Take the 2-minute tour ×
Stack Overflow is a question and answer site for professional and enthusiast programmers. It's 100% free, no registration required.

I'm using C++/C to perform forwards and reverse FFT on some data which is supposed to be the pulsed output of a laser.

The idea is to take the output, use a forward FFT to convert to the frequency domain, apply a linear best fit to the phase ( first unwrapping it) and then subtracting this best fit from the phase information.

The resulting phase and amplitude are then converted back to the time domain, with the ultimate aim being the compression of the pulses through phase compensation.

I've attempted to do this in MATLAB unsuccesfully, and have turned to C++ as a result. The forwards FFT is working fine, I took the basic recipe from Numerical recipes in C++, and used a function to modify it for complex inputs as following:

void fft(Complex* DataIn, Complex* DataOut, int fftSize, int InverseTransform, int fftShift)
{

        double* Data  = new double[2*fftSize+3];
        Data[0] == 0.0;


        for(int i=0; i<fftSize; i++)
        {
                Data[i*2+1]  = real(DataIn[i]);
                Data[i*2+2]  = imag(DataIn[i]);
        }

        fft_basic(Data, fftSize, InverseTransform);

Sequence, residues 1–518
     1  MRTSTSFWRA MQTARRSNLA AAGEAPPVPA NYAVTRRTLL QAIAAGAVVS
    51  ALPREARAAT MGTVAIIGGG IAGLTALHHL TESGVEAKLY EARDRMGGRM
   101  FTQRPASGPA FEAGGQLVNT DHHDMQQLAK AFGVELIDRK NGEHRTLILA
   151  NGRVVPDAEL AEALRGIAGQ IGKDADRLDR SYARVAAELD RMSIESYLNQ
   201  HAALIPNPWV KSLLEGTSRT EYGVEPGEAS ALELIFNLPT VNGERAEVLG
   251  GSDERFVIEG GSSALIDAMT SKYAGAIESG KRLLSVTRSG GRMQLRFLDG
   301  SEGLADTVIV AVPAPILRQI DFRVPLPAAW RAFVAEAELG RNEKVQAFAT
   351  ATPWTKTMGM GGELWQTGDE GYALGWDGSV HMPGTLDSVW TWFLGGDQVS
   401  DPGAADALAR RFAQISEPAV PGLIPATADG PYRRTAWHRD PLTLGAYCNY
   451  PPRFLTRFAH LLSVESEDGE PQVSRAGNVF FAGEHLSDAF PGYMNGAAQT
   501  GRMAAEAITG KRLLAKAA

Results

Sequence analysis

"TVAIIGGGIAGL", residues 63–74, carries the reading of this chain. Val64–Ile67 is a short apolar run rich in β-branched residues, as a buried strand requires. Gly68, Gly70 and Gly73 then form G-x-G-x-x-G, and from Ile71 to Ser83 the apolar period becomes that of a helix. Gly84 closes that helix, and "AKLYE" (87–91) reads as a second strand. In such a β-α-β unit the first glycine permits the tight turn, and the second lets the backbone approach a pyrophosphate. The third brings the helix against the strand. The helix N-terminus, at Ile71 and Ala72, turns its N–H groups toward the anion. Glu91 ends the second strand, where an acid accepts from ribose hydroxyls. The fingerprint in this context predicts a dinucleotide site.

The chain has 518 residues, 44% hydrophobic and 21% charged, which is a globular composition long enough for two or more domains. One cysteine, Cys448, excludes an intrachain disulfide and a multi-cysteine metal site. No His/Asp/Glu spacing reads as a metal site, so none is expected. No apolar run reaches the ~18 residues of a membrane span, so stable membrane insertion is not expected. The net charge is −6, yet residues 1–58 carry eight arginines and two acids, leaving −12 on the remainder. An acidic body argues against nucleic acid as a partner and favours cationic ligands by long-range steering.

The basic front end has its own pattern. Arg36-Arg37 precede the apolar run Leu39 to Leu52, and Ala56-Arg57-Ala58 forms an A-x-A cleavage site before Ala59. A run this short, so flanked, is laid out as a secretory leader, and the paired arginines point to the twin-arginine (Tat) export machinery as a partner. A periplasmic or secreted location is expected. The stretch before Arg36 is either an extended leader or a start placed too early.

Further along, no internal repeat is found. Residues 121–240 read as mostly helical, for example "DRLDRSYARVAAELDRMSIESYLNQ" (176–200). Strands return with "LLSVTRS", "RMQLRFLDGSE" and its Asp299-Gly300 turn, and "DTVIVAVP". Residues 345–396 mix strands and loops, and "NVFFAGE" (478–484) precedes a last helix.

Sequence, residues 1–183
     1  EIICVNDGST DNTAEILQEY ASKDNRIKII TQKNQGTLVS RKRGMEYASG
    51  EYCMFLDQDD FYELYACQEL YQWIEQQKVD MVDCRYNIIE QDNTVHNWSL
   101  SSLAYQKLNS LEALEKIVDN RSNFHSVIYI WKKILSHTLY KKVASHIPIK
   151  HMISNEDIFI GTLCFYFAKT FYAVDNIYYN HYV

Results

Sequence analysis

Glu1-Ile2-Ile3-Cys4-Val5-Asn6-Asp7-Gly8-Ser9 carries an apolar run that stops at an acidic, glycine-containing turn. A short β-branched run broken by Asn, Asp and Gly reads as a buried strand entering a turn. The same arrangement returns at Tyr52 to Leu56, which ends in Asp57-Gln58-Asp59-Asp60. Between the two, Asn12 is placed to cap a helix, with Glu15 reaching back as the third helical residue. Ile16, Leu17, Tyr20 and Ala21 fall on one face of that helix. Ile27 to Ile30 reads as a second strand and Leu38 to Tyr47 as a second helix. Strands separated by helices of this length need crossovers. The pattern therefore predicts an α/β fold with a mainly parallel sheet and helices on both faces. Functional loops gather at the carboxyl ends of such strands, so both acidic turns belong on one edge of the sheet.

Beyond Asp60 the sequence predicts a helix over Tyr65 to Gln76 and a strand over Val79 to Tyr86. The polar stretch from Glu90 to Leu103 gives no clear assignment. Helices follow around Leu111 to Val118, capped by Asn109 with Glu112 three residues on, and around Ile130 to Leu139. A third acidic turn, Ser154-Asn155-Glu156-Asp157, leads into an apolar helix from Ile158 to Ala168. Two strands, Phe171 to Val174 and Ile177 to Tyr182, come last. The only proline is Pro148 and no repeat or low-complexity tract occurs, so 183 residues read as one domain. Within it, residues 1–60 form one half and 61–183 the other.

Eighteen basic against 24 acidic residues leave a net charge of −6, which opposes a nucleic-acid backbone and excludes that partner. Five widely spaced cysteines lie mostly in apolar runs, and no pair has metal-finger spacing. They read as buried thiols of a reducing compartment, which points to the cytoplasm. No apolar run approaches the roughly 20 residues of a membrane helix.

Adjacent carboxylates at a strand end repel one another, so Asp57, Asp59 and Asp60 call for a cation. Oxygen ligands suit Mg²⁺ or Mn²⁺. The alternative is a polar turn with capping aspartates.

for(int i=0; i<fftSize; i++)
        {
                DataOut[i] = Complex(Data[2*i+1], Data[2*i+2]);
        }

        //Swap the fft halfes
        if(fftShift==1)
        {
                Complex* temp = new Complex[fftSize];
                for(int i=0; i<fftSize/2; i++)
                {
                        temp[i+fftSize/2] = DataOut[i];
                }
                for(int i=fftSize/2; i<fftSize; i++)
                {
                        temp[i-fftSize/2] = DataOut[i];
                }
                for(int i=0; i<fftSize; i++)
                {
                        DataOut[i] = temp[i];
                }
                delete[] temp;
        }
        delete[] Data;
}

with the function ftt_basic() taken from 'Numerical recipes C++'.

My issue is that the form of input seems to affect the output of the Reverse FFT. This could be a precision issue, but I've looked around and it doesn't seem to have affected anyone else before.

Feeding the output of the forwards FFT directly back into the reverse FFT yields pulses identical to the intput:

enter image description here

However taking the power output taken asreal^2+imag^2 of the forwards FFT and copying it to an array such that:

Reverse_fft_input[i]=complex(real(forwardsoutput[i]),imag(forwardsoutput[i]));